GPX to KML converter (Strava to Google Earth)

TL;DR: I wrote a little utility that'll take a directory full of GPX files and convert them to KML. Available on github as GpxToKml.

Strava allows downloading all of your data as a zip archive (see bulk export). This includes all GPS recordings of your activities in GPX format. I maintain a large file of tracks for Google Earth. I find it satisfying to have a growing web of tracks from my human powered adventures covering the Alps. Google Earth's native format is KML. Google Earth is smart enough to import GPX files, but it pops up a dialog box for each one of them. This quickly becomes annoying if you import hundreds at once. It also doesn't quite import them the way I want (wrong track labels; color and width). Finally it preserves the timestamps for each GPS location. This sounds like a good feature, but since I find Earth's time controls cumbersome and annoying, I actually prefer simple polylines to timestamped tracks. There are a few online services that convert one format to another, but I found them all lacking in one way or another. So I decided to write my own conversion utility.

I have spent the last 10 years writing C++ mostly within Google's internal ecosystem. So I took this as an opportunity to see how the development experience has changed in the outside world in the meantime. A few random observations:

  • Working in a mono-repo of ~2Billion lines of code is really nice. A single unified build system; homogenous API design (e.g. widespread use of std::string_view) and reduced redundancy.
  • For this project I chose to use boost and TinyXML2. Boost is a mixed bag with some libraries in it going well overboard with their template trickery. But overall I think it's still a solid collection. I remember build times of an hour or more. My new rig rips through a full rebuild in a few minutes. TinyXML is exactly what it says on the label: small and easy to use.
  • I squeezed the entire project into a few hours of a single day between baby sitting quarantined kids. So don't expect production quality.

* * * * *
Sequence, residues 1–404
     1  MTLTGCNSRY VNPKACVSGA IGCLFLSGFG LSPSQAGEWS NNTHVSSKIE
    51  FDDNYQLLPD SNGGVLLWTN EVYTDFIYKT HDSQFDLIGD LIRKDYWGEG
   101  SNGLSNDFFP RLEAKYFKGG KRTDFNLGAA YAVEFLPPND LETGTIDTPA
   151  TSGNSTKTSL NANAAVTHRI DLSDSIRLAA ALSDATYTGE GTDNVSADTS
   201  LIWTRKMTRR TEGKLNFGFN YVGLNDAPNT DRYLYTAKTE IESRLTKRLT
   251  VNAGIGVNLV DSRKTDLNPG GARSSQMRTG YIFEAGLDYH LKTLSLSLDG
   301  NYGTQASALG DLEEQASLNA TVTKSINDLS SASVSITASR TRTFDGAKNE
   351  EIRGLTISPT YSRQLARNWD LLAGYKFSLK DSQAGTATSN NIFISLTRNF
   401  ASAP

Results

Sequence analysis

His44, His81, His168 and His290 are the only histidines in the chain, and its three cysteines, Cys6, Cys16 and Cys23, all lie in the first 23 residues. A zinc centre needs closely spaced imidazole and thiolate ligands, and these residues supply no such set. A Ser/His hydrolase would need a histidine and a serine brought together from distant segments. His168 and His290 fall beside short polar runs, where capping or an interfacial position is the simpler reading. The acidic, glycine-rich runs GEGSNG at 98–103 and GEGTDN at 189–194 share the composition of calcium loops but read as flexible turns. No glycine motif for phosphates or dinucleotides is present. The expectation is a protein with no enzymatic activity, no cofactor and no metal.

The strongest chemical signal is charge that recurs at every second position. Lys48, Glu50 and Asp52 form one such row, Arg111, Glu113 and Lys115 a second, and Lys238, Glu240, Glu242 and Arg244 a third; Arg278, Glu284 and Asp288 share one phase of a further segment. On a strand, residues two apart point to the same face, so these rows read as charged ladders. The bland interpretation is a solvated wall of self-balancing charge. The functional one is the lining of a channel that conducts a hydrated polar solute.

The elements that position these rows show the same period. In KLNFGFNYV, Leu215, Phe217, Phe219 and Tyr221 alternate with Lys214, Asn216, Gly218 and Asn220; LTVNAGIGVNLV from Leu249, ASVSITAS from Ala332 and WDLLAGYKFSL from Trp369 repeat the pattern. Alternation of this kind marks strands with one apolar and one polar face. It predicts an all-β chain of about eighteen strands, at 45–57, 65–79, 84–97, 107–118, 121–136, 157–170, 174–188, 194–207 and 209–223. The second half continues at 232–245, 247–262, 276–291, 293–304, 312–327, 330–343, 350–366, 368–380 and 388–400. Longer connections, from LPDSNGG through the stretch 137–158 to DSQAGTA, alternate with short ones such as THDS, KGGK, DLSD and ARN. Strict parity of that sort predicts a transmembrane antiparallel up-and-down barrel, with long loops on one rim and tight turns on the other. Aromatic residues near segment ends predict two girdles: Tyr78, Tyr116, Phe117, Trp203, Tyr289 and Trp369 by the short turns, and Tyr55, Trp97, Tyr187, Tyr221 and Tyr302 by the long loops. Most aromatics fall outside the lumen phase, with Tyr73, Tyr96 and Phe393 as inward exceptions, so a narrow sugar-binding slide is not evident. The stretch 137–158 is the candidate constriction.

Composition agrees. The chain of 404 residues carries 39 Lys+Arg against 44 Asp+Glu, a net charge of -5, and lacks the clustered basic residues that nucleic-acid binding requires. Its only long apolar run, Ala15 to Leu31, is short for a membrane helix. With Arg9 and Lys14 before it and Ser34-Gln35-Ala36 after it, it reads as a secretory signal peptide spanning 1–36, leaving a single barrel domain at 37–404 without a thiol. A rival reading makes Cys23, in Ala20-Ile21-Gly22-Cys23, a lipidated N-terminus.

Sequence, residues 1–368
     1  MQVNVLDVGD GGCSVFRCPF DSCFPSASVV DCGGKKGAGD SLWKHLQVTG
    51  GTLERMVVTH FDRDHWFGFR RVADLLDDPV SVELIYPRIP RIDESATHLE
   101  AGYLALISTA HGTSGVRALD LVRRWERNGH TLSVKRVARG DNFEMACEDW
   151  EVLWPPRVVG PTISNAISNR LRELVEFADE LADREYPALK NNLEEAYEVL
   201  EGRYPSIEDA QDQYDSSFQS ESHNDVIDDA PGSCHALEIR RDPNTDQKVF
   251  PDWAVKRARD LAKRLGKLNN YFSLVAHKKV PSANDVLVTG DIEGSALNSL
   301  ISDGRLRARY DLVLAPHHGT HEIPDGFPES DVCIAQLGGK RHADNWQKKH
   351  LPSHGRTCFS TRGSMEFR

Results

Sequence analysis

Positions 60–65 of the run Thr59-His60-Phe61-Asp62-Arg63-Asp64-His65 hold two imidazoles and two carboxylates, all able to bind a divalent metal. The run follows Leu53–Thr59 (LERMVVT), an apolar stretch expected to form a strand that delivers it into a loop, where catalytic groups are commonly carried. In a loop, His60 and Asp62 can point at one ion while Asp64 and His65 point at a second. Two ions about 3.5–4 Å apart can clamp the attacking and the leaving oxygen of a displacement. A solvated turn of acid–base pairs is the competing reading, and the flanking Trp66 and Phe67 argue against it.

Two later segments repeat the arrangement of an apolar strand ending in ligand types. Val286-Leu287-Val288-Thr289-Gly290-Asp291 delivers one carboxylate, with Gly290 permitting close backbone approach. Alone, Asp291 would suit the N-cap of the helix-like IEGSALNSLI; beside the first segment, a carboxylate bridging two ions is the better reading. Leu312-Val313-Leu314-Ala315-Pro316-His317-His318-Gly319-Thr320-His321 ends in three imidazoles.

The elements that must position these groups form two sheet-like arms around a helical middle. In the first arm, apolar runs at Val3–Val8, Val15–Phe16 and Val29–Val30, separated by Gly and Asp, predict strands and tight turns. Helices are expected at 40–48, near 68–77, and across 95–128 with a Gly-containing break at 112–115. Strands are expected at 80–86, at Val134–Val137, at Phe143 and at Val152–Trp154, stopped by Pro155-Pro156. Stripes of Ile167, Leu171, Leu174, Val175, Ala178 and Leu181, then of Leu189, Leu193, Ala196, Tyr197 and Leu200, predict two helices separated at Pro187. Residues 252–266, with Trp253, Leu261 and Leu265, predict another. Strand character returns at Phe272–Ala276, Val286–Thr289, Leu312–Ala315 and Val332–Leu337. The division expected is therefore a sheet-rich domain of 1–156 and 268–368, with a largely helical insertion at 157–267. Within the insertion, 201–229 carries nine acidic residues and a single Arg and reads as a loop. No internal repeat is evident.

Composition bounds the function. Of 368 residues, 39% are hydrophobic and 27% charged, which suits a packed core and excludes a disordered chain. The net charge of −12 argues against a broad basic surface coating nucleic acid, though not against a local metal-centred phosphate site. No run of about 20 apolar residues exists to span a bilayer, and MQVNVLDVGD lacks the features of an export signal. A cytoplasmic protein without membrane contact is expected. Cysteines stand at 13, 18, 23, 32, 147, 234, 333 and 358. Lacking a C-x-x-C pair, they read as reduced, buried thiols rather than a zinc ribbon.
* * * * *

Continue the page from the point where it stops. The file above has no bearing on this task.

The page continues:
• Before getting a fully working run, I solved three noteworthy bugs: my first attempt swapped latitude and longitude, so all my tracks showed up somewhere in Africa. The second attempt ditched some floating point precision, so tracks showed up jaggy. Turns out you need 7 digits of precision after the decimal point. Being able to debug these issues visually on Google Earth was super valuable. A single glance immediately gave away what the problem was. I think I'll try and remember this for other debugging sessions - visualization tools are super valuable! The third and final bug was Windows' crazy UTF handling. I use some sanitized UTF-8 data from the input GPX file as the output filename. Windows file APIs are either ASCII or some weird UTF16 dialect. Thus non-ASCII characters would lead to garbled filenames. Luckily boost released the NoWide library just in the nick of time (today in fact). This works around the problem nicely.
  • I have come to appreciate Google's return value (util::Status) based error handling strategy over exception handling.
  • I wonder what an XSLT based solution might look like? From the label it seems like this would be an appropriate fit. But since it is enterprise-y technology, I kind of shudder to imagine what the experience will be. Maybe I should give it a go?
  • Using boost::asio::io_service as a thread queue was surprisingly easy to set up and seems to work extremely well.